David Behan: That is absolutely right.
Dame Jo Williams: We have established our own internal quality assurance team to address the point that you make, making sure that there is, as far as possible, consistency in the application of those standards.
Q90 Barbara Keeley: Do we accept that at the moment there is inconsistency and a regional problem?
Dame Jo Williams: Yes.
David Behan: I am not saying that I think that is linked to the amount of resource, Barbara. I think it is important to agree with you about the issue of consistency. From being appointed to taking up post, probably the most oftenquoted issue to me saying "Please sort this out, David" was consistency, particularly from the larger providers that provide in more than one area.
Again, as Jo has said, at both a national and a regional level there are arrangements put in place to assure the consistency of our decisions, so it is something, again, that the organisation is trying to respond to. It is a desperately difficult issue to deal with, as I think members of the Committee will know. How you can get consistency on a multiplicity of interventions going on nationally is very difficult. What we need to ensure is that the organisation is performing to meet the standards it has set for how it should perform. Where we want inspectors to make judgments based on their professional background-and I think that was in the evidence you have received-then you are going to get difference. I am looking at Dr Wollaston. Not all GPs determine things in the same way, as not all inspectors will determine things in the same way. I am not making a frivolous point here. You have audit as a way of ensuring consistency with standards and I think that is exactly what the organisation has done. It has introduced some systems to try to assure consistency in our approach. It is an absolutely legitimate and appropriate challenge.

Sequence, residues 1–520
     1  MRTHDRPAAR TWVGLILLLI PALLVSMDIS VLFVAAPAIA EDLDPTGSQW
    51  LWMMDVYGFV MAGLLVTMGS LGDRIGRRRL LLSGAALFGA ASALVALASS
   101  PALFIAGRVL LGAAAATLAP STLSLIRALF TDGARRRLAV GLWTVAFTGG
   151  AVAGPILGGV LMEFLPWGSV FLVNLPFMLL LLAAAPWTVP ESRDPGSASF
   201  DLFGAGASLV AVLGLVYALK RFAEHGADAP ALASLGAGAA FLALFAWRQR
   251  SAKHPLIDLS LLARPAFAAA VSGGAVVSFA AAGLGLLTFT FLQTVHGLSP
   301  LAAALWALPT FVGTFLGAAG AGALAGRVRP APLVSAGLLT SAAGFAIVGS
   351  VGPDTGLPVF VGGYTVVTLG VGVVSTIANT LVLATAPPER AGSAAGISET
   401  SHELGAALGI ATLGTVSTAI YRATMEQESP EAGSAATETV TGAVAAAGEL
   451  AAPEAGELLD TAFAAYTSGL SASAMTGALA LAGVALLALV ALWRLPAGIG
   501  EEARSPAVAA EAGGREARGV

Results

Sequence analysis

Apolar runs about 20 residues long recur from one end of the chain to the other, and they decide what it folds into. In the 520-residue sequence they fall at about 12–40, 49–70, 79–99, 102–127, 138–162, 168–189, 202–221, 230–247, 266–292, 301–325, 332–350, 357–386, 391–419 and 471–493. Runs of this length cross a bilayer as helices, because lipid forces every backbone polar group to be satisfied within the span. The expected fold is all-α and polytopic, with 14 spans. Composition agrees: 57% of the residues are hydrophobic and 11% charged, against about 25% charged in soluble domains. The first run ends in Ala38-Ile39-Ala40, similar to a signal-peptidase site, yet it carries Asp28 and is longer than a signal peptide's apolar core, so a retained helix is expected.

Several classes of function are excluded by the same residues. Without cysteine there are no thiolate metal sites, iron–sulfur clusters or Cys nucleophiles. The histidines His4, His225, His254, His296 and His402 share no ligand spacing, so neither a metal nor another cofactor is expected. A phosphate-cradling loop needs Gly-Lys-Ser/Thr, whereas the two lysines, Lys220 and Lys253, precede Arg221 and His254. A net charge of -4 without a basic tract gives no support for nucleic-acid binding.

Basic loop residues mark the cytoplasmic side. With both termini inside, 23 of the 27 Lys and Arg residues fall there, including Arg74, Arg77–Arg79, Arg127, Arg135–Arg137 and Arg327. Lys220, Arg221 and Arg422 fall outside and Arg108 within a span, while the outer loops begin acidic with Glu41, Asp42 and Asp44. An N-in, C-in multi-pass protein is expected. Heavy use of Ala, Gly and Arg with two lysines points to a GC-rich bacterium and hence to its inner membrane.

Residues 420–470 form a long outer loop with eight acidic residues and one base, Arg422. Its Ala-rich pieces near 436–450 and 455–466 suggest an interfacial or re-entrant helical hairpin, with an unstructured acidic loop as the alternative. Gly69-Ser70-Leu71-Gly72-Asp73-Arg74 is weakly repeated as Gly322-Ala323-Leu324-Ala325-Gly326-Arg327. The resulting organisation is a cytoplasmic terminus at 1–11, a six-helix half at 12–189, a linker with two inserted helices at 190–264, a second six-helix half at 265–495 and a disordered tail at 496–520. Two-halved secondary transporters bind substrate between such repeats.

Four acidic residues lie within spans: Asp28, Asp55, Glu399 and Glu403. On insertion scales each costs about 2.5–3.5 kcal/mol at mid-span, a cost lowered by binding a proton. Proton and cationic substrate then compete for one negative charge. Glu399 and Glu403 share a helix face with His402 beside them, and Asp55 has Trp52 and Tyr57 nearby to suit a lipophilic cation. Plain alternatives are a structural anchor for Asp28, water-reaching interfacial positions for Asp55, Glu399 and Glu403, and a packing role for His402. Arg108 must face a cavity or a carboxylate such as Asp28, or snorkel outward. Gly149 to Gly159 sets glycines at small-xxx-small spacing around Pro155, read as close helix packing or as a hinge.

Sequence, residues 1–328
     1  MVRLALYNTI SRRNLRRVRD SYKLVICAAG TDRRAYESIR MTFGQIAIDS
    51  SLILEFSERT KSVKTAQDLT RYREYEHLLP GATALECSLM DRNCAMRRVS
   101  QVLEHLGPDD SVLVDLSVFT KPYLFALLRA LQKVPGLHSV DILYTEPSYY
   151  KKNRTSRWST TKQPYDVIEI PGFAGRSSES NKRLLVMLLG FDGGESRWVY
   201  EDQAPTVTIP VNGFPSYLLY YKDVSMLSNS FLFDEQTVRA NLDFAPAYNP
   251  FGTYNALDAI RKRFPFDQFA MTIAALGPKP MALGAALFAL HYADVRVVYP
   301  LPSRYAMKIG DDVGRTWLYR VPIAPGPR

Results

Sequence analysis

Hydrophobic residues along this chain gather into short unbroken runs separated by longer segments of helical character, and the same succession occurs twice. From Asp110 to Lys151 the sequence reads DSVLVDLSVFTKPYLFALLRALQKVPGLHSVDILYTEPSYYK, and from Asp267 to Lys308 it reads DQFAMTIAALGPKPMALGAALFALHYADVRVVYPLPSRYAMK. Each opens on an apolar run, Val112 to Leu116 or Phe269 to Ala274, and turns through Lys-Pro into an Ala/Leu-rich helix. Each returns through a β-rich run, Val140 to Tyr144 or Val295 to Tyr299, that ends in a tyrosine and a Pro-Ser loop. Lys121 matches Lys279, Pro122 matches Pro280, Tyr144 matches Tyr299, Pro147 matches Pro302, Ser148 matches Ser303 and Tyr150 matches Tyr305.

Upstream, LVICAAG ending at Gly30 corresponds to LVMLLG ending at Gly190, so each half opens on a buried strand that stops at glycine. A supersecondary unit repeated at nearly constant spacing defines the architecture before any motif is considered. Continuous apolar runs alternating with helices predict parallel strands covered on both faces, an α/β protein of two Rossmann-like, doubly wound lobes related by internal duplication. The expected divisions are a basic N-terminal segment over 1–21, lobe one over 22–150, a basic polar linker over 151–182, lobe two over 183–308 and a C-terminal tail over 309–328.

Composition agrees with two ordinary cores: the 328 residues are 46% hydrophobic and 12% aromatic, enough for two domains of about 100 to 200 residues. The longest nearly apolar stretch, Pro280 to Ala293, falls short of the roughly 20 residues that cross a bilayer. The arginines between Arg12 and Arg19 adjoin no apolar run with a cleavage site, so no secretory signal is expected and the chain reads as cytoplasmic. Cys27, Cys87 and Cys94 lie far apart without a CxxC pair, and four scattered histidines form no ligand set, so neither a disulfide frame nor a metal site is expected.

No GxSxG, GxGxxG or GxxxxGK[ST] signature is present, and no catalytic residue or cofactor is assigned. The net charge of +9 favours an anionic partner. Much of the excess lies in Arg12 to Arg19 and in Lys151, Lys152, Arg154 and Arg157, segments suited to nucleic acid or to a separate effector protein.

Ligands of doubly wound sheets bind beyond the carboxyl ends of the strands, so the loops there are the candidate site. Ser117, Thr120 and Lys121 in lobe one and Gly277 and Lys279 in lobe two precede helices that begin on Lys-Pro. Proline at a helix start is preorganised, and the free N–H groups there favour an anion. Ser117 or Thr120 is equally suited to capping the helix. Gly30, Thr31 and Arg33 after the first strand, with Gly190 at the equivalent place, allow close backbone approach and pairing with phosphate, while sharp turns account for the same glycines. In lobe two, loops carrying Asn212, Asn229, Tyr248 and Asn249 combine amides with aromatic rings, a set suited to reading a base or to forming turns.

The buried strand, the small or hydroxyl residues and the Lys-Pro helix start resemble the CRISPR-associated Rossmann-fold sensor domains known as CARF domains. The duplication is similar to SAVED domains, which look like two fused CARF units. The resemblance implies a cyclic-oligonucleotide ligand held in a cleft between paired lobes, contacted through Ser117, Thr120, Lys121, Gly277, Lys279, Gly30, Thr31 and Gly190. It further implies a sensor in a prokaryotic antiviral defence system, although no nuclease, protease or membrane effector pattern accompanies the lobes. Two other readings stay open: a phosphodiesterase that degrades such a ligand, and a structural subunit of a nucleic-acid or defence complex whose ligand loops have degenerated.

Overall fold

Q91 Barbara Keeley: Have you measured the impact removing the central investigations team had on the quality of investigations and the level of expertise you were left with to deploy into the more complex and challenging situations?